Rights on the Rise: International Mobilization for New Human Rights
16 Pages Posted: 17 May 2006
Date Written: September 4, 2005
In recent years, aggrieved groups around the world have portrayed their problems as human rights issues. While the Universal Declaration of Human Rights (UDHR) is expansive, for most of its history civil and political rights have garnered the bulk of resources. Yet today groups such as the disabled, gays and lesbians, Third World slumdwellers, South Asian Dalits (Untouchables), AIDS patients, and victims of corporate malfeasance - all seek to establish rights to protect their groups. In many cases, their efforts have met resistance from governments and corporations. Even apparent allies among human rights NGOs have voiced misgivings, arguing that proliferation of new rights vitiates core concerns.
My paper proposes a framework for understanding the emergence of new rights, those omitted from or given little prominence in the UDHR. The process involves three phases: First, groups frame long-felt grievances as rights. Why and how they do so has received little scholarly attention. Second, they seek to place their claims on the international agenda, chiefly by convincing gatekeepers in major human rights NGOs to endorse new norms. This seldom-examined stage is crucial since a handful of NGOs exercise great power in certifying rights. Third, assuming key NGOs adopt a norm, they promote it in international arenas where they face strong opposition from states and non-state actors espousing contrary norms.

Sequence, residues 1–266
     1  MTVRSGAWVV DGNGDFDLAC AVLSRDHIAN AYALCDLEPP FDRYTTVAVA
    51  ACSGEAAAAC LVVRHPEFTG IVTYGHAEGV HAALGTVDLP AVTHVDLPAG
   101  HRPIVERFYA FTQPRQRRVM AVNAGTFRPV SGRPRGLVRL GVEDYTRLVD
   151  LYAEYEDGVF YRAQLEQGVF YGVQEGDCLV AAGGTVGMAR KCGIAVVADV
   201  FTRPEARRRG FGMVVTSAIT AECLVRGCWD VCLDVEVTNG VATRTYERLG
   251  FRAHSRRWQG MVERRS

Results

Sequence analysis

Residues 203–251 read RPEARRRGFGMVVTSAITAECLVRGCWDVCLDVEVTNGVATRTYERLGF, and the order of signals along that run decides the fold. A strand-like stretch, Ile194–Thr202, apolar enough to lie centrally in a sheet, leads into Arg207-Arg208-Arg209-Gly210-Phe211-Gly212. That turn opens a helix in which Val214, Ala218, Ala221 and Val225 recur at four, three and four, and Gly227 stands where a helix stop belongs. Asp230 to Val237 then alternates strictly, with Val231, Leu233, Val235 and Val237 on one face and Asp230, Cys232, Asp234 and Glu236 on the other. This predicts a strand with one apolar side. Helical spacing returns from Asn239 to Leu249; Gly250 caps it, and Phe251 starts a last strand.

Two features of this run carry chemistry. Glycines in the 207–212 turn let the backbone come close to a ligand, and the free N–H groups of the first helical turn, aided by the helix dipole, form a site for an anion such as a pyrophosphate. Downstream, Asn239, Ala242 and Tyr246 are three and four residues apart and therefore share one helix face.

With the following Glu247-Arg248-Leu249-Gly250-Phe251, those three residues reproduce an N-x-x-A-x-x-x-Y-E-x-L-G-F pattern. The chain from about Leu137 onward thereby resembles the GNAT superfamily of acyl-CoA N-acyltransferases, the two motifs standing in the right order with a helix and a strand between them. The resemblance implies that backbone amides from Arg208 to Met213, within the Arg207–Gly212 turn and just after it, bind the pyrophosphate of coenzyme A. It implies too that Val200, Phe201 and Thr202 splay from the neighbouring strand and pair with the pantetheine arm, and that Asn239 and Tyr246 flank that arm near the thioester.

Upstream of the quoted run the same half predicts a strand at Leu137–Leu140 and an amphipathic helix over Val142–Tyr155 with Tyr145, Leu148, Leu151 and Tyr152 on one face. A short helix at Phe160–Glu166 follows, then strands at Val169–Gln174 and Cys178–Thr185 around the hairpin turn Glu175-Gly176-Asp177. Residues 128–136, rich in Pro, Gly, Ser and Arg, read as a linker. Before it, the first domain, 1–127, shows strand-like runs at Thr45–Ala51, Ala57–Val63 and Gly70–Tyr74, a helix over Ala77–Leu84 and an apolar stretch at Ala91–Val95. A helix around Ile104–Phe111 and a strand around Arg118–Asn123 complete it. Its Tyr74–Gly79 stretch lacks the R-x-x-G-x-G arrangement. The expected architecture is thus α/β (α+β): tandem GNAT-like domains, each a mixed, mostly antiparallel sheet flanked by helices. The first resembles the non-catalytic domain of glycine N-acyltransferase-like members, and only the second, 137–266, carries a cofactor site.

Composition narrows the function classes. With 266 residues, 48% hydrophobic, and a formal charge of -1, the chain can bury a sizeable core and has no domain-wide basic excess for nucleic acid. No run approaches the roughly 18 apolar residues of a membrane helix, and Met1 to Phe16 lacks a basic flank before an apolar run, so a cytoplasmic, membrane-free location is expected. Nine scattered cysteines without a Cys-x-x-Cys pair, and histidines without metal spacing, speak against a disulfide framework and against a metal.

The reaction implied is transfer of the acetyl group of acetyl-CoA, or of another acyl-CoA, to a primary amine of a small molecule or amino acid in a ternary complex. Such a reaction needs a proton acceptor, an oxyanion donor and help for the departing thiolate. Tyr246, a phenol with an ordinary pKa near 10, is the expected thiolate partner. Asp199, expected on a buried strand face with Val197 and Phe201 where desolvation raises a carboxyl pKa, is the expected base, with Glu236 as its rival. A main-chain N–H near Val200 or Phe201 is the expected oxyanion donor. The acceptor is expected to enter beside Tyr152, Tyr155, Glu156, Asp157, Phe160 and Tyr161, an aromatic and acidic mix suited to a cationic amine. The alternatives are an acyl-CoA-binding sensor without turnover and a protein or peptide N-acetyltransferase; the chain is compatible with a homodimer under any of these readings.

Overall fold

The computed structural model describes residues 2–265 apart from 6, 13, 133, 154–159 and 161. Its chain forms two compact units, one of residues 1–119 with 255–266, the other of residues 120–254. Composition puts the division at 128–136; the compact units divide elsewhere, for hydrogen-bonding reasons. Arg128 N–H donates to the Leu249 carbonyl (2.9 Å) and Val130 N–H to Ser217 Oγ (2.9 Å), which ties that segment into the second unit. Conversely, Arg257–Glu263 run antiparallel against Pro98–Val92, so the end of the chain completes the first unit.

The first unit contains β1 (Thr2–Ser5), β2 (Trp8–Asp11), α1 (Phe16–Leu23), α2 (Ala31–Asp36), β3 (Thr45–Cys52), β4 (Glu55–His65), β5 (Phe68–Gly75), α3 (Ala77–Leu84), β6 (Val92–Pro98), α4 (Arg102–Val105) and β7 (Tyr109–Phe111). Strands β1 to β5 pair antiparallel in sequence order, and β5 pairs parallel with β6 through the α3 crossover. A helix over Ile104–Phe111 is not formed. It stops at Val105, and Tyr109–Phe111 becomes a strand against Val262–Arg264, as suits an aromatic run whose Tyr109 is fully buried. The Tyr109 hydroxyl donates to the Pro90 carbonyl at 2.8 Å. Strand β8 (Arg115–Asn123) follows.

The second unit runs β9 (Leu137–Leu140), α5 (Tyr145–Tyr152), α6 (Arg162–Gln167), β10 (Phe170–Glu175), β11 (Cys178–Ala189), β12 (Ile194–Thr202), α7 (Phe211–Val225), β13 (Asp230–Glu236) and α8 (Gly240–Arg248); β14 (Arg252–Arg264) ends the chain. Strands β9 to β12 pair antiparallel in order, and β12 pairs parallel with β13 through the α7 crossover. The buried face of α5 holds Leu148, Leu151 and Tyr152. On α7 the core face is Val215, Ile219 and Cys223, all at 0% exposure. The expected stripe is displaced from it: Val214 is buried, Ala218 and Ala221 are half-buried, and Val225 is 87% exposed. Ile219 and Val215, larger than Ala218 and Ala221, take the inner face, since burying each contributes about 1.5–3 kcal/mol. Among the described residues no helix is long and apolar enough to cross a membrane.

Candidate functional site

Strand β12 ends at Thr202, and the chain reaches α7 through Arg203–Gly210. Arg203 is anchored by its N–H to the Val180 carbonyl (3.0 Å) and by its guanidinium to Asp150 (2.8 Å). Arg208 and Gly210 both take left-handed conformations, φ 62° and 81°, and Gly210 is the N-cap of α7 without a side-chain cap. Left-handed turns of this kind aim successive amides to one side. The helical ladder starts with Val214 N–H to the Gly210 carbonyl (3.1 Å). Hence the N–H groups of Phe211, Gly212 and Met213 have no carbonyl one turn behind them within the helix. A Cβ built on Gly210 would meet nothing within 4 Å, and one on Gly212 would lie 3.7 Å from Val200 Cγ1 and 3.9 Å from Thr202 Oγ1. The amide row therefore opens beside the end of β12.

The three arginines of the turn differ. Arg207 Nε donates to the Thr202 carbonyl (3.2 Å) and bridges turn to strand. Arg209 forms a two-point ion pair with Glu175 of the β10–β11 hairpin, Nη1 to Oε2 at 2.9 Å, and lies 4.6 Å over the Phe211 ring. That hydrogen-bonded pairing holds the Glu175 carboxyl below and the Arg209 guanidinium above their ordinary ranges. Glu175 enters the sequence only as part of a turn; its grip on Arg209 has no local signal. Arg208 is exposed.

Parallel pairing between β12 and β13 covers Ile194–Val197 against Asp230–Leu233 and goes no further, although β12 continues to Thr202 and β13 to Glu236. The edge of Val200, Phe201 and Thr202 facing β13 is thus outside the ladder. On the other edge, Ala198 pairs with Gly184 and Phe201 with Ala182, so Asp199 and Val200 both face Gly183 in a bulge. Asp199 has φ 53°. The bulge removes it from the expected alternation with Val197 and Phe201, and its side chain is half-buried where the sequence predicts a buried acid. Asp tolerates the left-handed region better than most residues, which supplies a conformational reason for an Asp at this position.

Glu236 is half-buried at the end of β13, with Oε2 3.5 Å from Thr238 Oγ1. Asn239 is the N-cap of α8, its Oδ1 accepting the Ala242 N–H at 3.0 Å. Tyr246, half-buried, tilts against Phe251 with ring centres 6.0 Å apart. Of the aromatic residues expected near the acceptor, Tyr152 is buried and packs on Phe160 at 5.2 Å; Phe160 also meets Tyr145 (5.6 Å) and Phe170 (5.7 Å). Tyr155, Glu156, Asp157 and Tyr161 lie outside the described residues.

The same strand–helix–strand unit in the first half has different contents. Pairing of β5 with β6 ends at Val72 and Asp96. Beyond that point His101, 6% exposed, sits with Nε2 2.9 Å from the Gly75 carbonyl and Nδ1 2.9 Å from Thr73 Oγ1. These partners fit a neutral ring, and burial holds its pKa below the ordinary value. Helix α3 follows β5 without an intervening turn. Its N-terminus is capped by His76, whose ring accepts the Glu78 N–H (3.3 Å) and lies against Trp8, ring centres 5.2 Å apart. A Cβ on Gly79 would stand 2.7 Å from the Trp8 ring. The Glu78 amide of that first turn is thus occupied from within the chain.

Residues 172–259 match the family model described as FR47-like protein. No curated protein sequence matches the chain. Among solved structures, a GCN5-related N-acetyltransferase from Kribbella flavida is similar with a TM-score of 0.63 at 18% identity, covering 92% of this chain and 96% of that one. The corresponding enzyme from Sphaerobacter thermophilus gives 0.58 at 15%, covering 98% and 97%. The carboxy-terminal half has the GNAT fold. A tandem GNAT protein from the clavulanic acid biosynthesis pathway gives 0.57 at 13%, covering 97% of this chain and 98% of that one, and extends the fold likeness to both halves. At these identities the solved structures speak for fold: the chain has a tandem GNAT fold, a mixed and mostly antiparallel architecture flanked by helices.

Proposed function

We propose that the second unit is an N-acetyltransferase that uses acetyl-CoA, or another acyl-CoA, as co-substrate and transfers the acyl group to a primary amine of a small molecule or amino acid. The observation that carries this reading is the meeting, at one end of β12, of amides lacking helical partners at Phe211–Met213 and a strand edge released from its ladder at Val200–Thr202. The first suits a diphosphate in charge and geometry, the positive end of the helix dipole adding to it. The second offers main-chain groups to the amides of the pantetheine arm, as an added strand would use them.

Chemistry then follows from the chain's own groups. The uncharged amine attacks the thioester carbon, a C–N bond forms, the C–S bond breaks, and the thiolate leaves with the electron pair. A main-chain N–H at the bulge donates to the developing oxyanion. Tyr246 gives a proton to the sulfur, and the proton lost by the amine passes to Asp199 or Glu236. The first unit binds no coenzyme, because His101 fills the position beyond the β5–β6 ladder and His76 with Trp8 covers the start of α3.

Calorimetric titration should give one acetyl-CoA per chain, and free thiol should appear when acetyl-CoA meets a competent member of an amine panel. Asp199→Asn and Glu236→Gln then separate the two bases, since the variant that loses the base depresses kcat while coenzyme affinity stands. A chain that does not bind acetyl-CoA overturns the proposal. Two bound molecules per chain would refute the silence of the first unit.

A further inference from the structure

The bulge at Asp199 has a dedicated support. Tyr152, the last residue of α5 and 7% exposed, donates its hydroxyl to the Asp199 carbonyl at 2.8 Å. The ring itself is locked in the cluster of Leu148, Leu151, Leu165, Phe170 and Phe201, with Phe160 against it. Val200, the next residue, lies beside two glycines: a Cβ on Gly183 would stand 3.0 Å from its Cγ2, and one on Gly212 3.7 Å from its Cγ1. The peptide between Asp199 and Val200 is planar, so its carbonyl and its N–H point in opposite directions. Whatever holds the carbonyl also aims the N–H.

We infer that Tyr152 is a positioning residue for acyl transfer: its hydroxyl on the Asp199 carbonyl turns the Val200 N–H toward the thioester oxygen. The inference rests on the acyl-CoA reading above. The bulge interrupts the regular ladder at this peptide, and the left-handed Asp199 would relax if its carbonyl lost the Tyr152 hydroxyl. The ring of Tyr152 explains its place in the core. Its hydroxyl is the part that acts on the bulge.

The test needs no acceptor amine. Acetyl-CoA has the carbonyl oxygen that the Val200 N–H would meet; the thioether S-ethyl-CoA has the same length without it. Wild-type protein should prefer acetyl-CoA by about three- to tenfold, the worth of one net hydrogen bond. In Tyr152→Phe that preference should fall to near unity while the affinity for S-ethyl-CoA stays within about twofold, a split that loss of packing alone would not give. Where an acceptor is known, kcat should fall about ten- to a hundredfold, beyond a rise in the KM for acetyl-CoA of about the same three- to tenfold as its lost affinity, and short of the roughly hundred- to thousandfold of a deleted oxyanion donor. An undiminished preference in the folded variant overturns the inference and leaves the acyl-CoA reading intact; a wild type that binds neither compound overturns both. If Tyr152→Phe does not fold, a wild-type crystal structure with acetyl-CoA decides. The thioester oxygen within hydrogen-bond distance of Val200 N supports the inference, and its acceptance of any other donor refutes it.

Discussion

To make this argument, I analyze the recent successes, failures, and strategies of Dalits and the physically disabled as they seek new rights internationally. My analysis challenges dominant theories of transnational relations and social movements. In contrast to Keck and Sikkink's concept of cohesive transnational advocacy networks, I distinguish within networks between established NGO gatekeepers and new rights claimants. I find that NGOs' organizational interests make them less receptive than often assumed, forcing claimants to adapt themselves to NGO predispositions. Moreover, unlike constructivists, I argue that logics of appropriateness and argument cannot explain norm acceptance. Bearers of new norms face opposition from transnational counter-movements that champion equally appropriate counter-norms. Even the rules of argument and participation are contested - a far cry from the deliberative truth-seeking envisioned by constructivists.
Keywords: human rights, constructivism, nongovernmental organizations, NGOs, UDHR, Human Rights Watch, Amnesty International, agenda-setting, jurisgenerative capacity, norms, norms development
JEL Classification: K34, K30, N41
Suggested Citation: Suggested Citation